“In an attempt to win popular favour amongst the Gauls, he (King Lovernios ) rode in a chariot over the plains, distributing gold and silver to throngs of thousands. Moreover, he made a square enclosure one and a half miles each way, within which he filled vats with expensive liquor, and prepared so great a quantity of food that for many days all who wished could enter and enjoy the prepared feast, it being served without break by the attendant”.
All this display was to be their undoing however, as the Romans of course, were very anxious to reduce and loot a kingdom which had such a reputation for wealth. The opportunity came in 154BC. The Salluvii, a dependant of the Allobroges, member of the Arverni alliance, were not content with trading with Greek Marseilles and attacked them. The attack failed against the combined forces of Massaliotes and Romans. In 125 BC the Greek relinquish control to Rome in exchange for protection. The Romans pushed the Salluvii back and then in 121 BC launched an assault on Arverni and Allobroges under two huge armies led by Cnaeus Domitius Ahenobarbus and Quintus Fabius Maximus. The Arverni King Bituitis made attempts for a peaceful settlement, but Romans would have none of it.
At the Battle of Vindalium (8th August 121 BC), King Bituitis built pontones to cross the river Sorgue with a very well equipped army, himself wearing variegated armour and driving a silver chariot. When the Romans suddenly charged with Elephants, the Gauls never having seen such beasts ran without a blow being struck. In the ensuing rout, the pontones collapsed, drowning many of the Gallic forces. Many others were chased down by Roman cavalry. The Southern Alliance lost some 20,000 dead, 3,000 captured and collapsed. The Romans establish Gallia Narbonensis with an administrative centre at Narbone.
Power shifted back to Aedui but their alliance was so enfeebled and they themselves were so weak that they quickly concluded peace with Rome (fall 121 BC), offering tribute and coming under their protection.
Before the Romans could head further north the Cimbri and Teutones marched into the limelight of recorded history. ‘Clad in primitive hides and furs and rumoured to be eaters of raw flesh, the tall, blond Northern Germans appeared to the Romans as a race of savage giants’.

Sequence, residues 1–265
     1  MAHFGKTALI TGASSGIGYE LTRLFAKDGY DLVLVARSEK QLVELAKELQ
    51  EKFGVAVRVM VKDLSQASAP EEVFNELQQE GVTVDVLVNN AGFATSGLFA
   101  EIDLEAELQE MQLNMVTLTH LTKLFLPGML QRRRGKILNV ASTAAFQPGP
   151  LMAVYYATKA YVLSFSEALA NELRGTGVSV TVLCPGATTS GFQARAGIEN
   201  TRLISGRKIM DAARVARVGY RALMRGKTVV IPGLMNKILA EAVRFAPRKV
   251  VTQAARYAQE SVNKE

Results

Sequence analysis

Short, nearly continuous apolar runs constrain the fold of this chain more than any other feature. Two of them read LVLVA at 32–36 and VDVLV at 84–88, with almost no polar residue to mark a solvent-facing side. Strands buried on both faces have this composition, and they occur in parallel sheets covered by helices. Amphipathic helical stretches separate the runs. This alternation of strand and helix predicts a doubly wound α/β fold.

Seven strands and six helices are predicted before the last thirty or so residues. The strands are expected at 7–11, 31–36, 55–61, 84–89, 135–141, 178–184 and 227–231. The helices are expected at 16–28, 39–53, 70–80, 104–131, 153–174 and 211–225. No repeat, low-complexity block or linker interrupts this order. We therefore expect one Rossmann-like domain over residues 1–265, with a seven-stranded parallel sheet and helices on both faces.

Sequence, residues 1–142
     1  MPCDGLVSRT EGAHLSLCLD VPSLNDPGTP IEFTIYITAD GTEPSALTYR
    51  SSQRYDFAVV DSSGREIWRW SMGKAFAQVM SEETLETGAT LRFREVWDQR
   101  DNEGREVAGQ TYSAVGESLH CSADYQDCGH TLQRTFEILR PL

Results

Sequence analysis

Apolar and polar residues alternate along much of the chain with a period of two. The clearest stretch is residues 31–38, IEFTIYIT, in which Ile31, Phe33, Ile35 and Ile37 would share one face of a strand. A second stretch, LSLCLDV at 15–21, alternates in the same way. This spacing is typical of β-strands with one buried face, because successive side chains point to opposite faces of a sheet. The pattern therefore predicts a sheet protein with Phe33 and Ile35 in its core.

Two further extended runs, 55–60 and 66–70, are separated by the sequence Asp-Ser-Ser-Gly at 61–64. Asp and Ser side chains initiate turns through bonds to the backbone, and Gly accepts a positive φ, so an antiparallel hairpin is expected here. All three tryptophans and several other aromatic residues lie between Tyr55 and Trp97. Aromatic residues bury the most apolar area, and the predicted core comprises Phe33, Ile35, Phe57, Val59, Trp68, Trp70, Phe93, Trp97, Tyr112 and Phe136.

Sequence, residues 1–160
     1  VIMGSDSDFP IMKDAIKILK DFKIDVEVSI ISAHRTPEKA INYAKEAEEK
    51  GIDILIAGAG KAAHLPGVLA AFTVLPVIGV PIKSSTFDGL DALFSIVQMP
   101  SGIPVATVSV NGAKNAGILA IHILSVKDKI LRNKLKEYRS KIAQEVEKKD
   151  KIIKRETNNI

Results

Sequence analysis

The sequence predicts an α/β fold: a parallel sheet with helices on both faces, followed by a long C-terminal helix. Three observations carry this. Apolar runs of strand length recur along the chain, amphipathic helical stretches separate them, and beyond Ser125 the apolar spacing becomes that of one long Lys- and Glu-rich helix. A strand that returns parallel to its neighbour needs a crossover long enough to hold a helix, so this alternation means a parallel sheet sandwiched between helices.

Ocean levels had risen and large tracts of the Danish coast had been inundated by sea water. The two tribes decided on resettling further south and trekked down the Elbe and then East along the Danube. Here they ran into a group of Boii whose resistance persuaded them to head further South. Here they met with the Celtic Scordisci and both groups recoiled from the conflict. The Scordisci south into Macedonia and the Cimbri / Teutones west towards Italy. In 113BC the Cimbri / Teutones sent envoys conveying reassurances of peace to Rome. Consul Papirus Carbo, then sought treachery to bring himself glory. He pretended to befriend them, offering guides to a land of ‘beauty’ with the intent of ambush and annihilation. Confident that the disciplined Consular Roman legions could deal with these primitive albeit huge savages, he put his plan into action but it back fired. The Cimbri / Teutones viciously counterattacked and massacred the Roman army at what would be later called the battle of Noreia. Accounts state that if it wasn’t for a violent storm, none would have survived.
In 109 BC Cimbri / Teutones had approached the Roman Province of Narbonesis Gaul and again sought some peaceful agreement with the Romans stating “the people of Mars should give them some land by way of pay and use their hands and weapons for any purpose they wished” Consul M.Iunius was sent from the senate with the message that “Rome has no lands to give”. The Roman Consular army was promptly slaughtered in the following battle.
By 107 BC, the Cimbri / Teutones turned north to plunder Celtic Gaul. The Tigurini (‘claimers’, a tribe of the Celtic Helvetii) were encouraged to join the German mayhem and under chieftain Divico, pillaged the Roman territories along the Rhone. The Romans sent Consul L. Cassius Longinus with another Consular army to stop them and were slaughtered at the battle of Tolosa (Agen). The few survivors were humiliated and made to “pass under the yoke”.